EPA Would Likely Assume Direct Permitting Of GHG Emissions Under HJR 49

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EPA Would Likely Assume Direct Permitting Of GHG Emissions Under HJR 49  Posted: February 8, 2011

February 8, 2011

Hon. Joe Fischer
Kentucky House of Representatives
Frankfort, Kentucky 40601

Hon. Ben Waide
Kentucky House of Representatives
Frankfort, Kentucky 40601

Hon. Jim Gooch, Jr., Chair
Kentucky House of Representatives
Frankfort, Kentucky 40601

Re: HJR 49

Dear Representatives Fischer, Waide and Chairman Gooch:

I'm writing to convey my concern regarding the consequences of prohibiting the state Division for Air Quality from enforcing limits on emission of carbon dioxide. The direct result of enactment of HJR 49 would be that the U.S. Environmental Protection Agency would assume control and responsibility over the permitting of carbon dioxide and other greenhouse gas emissions for major sources under the PSD (Prevention of Significant Deterioration) program, thus bifurcating the permitting process and potentially delaying the issuance of air permits for new industrial facilities.

As you know, the U.S. Environmental Protection Agency has indicated an intent to move forward to adopt, for "major stationary sources" as defined in the Tailoring Rule, limitations on the emission of carbon dioxide and other "greenhouse" gases. On September 2, 2010, EPA proposed a rulemaking affecting both Kentucky and Jefferson County, Kentucky (which as you know operates the air pollution control program in Metro Louisville), that proposed a Federal Implementation Plan (FIP) which would apply to any state that "is unable to submit, by its deadline, a corrective State implementation plan (SIP) revision to ensure that the State has authority to issue permits under the Clean Air Act's (CAA or Act) New Source Review Prevention of Significant Deterioration (PSD) program for sources of greenhouse gases (GHGs)". The proposal to institute a FIP for Kentucky and Metro Louisville was accompanied by a rulemaking published that same day proposing a finding of "Substantial Inadequacy and SIP Call" for 13 states, including Kentucky "on grounds that their SIPs do not appear to apply the PSD Program to GHG-emitting sources".

In order to maintain authority over permitting of major sources with respect to GHG, the state Division of Air Quality revised two state regulations, 401 KAR 51:001 and 52:001, and plans to submit those to the U.S. Environmental Protection Agency before March 31, 2011 in order to avoid a FIP and potential sanctions.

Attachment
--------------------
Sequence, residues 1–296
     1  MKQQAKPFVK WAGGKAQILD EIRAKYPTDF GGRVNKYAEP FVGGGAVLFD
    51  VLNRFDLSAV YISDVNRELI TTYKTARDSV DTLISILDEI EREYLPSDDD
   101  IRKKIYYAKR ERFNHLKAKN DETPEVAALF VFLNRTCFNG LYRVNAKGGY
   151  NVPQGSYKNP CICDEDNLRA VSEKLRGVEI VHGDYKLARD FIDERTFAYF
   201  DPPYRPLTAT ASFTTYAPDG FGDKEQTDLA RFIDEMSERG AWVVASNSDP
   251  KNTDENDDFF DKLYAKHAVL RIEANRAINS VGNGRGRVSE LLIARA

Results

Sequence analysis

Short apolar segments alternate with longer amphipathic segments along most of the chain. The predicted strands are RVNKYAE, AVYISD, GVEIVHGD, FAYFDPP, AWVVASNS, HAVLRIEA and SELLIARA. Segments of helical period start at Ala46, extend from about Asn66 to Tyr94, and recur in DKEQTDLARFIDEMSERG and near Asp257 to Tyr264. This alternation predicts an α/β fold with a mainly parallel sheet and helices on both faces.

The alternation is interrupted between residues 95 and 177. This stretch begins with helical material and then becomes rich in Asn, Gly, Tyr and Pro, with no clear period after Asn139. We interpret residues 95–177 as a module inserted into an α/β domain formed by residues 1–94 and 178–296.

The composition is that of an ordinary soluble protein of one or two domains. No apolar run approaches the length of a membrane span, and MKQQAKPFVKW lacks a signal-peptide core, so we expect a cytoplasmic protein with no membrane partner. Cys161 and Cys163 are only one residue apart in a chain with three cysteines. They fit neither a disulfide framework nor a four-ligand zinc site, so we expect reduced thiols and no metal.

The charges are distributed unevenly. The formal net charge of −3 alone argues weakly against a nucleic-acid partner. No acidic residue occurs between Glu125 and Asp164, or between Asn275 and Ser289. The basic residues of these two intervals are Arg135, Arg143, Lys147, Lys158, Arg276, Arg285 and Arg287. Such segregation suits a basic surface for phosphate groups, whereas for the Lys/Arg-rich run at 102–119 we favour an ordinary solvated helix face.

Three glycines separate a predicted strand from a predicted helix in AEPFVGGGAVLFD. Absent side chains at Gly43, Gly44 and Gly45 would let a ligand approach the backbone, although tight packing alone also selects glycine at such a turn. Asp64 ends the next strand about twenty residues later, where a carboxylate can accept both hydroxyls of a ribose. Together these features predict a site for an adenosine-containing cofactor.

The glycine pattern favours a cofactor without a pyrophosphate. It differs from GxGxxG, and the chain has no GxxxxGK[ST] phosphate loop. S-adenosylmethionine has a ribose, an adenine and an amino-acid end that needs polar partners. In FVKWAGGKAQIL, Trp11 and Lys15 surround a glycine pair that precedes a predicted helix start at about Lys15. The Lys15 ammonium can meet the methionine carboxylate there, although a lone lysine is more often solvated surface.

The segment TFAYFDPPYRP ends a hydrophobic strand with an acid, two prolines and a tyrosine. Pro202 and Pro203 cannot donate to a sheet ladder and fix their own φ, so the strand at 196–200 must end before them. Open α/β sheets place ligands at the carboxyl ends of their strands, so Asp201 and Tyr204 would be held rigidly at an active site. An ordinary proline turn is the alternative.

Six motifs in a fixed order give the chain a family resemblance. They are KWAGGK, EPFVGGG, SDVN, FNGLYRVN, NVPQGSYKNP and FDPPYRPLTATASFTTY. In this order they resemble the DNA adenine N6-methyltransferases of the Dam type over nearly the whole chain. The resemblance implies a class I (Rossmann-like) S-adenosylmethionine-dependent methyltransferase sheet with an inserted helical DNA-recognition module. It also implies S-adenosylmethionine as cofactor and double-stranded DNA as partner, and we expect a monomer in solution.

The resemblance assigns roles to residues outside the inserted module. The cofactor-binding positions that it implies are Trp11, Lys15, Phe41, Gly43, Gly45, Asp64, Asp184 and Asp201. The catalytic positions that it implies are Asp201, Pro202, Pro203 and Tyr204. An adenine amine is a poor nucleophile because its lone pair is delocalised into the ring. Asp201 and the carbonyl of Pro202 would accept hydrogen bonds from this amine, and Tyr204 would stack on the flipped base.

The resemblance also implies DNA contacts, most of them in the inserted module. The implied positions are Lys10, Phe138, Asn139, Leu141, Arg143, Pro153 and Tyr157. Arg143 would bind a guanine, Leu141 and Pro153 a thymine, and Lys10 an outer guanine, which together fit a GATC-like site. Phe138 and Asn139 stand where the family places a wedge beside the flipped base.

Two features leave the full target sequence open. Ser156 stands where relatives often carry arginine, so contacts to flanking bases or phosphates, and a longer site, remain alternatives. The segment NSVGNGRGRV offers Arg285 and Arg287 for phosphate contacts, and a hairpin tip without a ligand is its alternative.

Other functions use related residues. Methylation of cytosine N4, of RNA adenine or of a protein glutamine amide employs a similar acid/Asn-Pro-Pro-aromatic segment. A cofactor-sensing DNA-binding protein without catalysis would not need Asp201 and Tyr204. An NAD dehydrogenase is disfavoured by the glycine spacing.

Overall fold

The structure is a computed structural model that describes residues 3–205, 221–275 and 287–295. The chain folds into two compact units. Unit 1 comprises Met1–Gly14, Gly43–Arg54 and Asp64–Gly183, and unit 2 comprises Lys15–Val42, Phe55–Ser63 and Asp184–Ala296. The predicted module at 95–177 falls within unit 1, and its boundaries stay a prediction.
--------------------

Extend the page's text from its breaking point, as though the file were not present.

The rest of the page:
In comments on the state revision to the regulations, the Kentucky Chamber of Commerce expressed disagreement with EPA's actions, but supported the Division for Air Quality "efforts to maintain its status as the permit issuing authority for Kentucky business. The Chamber supports action by the Cabinet to obtain delegated authority under an EPA-issued FIP for implementation of greenhouse gas permitting without submittal of a SIP revision package in the short term".

The decision on whether to continue to maintain a delegated permitting program for air pollutants is ultimately a legislative determination. I do want you to be aware, however, that if the state Division for Air Quality and the Metro Louisville Air Pollution Control District are prohibited, as they would be under this resolution, from imposing mandated controls on GHG emissions when those controls are adopted by EPA, then EPA intends to assume direct responsibility for reviewing and acting upon those portion of the GHG portion of air pollution permits for affected industrial sources. The result will be a bifurcated permitting process, and the timeliness of permitting of major economic development projects would be out of the state's hands.

I fully understand your displeasure with EPA’s proposed controls on GHG emissions, and as I have told the committee last session, I believe that a preferred approach to curbing GHG emissions is that proposed by the United States Climate Action Partnership (USCAP), a group of businesses and environmental organizations that have together called on Congress to enact strong legislation to require significant reductions of greenhouse gas emissions. USCAP Members include a number of companies with a strong Kentucky presence, including Alcoa, Chrysler, Dow Chemical, Duke Energy, DuPont, Exelon, Ford, GE, Honeywell, Johnson & Johnson, PepsiCo, PG&E, Shell, Siemens Corporation, and Weyerhaeuser. In the absence of Congressional action, EPA is obligated to go forward, after the endangerment finding, to develop mechanisms for curbing GHG emissions. As it does, HJR 49 raises the question of whether EPA should also do the PSD permitting for Kentucky's major GHG sources.

All best regards,

Tom FitzGerald
By Kentucky Resources Council on 02/08/2011 5:32 PM
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